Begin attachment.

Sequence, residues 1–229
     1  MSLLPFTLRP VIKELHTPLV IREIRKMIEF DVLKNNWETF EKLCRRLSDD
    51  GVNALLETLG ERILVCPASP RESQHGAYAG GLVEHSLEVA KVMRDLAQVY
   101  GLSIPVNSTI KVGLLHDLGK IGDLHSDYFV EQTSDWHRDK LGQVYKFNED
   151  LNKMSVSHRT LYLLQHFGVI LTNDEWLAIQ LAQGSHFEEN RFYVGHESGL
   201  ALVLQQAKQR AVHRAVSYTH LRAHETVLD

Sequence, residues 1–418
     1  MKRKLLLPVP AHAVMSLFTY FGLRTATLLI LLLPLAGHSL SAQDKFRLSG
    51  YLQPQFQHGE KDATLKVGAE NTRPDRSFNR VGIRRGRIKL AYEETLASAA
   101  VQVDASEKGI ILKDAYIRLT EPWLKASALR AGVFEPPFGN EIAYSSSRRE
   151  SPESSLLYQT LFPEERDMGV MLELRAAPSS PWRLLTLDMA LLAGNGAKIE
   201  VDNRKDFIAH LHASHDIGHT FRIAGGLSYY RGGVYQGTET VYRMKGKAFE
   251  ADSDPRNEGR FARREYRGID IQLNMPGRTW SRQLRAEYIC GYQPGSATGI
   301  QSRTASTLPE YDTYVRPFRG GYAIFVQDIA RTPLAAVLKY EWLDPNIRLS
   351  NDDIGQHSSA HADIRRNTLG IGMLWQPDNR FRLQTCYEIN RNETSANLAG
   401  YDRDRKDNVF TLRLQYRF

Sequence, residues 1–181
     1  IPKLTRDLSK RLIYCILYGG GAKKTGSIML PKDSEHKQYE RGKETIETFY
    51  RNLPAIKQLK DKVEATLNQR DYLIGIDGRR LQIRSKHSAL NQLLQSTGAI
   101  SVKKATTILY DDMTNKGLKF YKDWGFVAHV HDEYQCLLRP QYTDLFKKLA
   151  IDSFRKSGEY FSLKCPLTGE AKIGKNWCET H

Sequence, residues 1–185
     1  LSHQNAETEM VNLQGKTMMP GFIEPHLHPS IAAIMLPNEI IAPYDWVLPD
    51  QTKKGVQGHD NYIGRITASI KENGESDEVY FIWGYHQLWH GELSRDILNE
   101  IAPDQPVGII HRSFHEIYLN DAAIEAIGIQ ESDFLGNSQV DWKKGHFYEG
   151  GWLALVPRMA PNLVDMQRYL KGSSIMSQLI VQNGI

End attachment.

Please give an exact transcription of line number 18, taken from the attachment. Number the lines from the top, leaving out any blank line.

     1  IPKLTRDLSK RLIYCILYGG GAKKTGSIML PKDSEHKQYE RGKETIETFY